Social media makes it easy to share. We dash off breezy updates about our vacations, post photos of cocktails, share the latest Jimmy Kimmel “Mean Tweets” segment – almost without a second thought.
But when it comes to sharing professional content, people pause. Why is that?
Perhaps it’s because we all want to be seen as smart, as an expert in our field. We want to come across as being on top of our game. And we’re not quite sure whether the thing we’re about to share meets that bar.
Here’s my advice: get over it!
If you feel the comment, article, or post you’re about to create is an interesting and informative one, chances are highly likely your connections will too. Plus, sharing is good for you too – we know that sharing content a few times a week raises your profile views and connection requests.
Think about it like this:
Sharing invites conversation with people you care about. A quick update with a link to an article, video or LinkedIn post helps keep you top of mind. Like stopping by someone’s desk to say hello, it’s a light touch way to stay top of mind with your connections and to give them a sense of what you care about. It sparks tangential conversations too. Not so long ago, I got pinged by an old colleague who’d seen an article I shared. Did he want to chat about it? Not remotely. But it spurred him to reach out and ask for my thoughts and advice on his next play outside the company. It was great to reconnect with him and even better to be helpful.
Sharing helps others stay informed. When you share something valuable, others get value from it. You help your connections sift through the noise of millions of articles, to find the ones that will matter to them. For example, I loved this post on the forces that shape you as a Silicon Valley product manager. It’s still relevant for experienced product managers – but it’s especially salient for someone just starting out. If you see something and think, “I wish I’d known that when…”, share it.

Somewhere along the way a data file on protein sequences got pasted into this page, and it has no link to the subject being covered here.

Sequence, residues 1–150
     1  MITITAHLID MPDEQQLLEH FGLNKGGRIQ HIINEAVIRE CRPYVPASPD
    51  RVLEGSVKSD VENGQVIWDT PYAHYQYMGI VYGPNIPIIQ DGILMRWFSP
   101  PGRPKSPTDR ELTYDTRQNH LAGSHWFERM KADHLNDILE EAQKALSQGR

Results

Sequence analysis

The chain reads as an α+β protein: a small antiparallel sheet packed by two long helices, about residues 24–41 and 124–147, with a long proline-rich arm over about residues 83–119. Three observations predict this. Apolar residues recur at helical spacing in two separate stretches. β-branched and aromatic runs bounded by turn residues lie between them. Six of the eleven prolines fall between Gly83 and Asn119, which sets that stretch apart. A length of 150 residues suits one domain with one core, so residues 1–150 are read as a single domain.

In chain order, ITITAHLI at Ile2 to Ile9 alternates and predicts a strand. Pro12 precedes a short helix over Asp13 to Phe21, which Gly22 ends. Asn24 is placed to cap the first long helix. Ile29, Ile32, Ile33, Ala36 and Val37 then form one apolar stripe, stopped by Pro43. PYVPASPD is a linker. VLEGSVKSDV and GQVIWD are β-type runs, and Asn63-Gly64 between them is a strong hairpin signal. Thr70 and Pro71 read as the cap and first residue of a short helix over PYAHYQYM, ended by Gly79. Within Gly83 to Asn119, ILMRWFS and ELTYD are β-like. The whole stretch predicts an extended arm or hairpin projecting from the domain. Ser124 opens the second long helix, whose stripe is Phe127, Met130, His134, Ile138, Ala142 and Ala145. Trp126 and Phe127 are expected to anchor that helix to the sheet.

Sharing shows you’re a ‘Smart Creative’. In How Google Works, Eric Schmidt and Jonathan Rosenberg outline the concept of “smart creatives” – which resonated with me. It’s the idea that it’s not enough to be the person who comes in and does the job by rote, mechanically finishing one task after the other. You have to be intellectually curious and ambitious to push on new ways of doing things, with the courage to pull it off. Think about a young Steve Jobs taking calligraphy and then applying those lessons in elegance and spacing to Mac typography. Maybe you’re an engineer who was inspired by a piece you read on Picasso’s technique. When you share something smart and engaging, particularly off the beaten path, it’s another way to let people know you have an intellectual pulse and the capacity to stretch.
This week, take a few moments each day to share something you’ve read and comment on someone else’s updates. See what goodness accrues.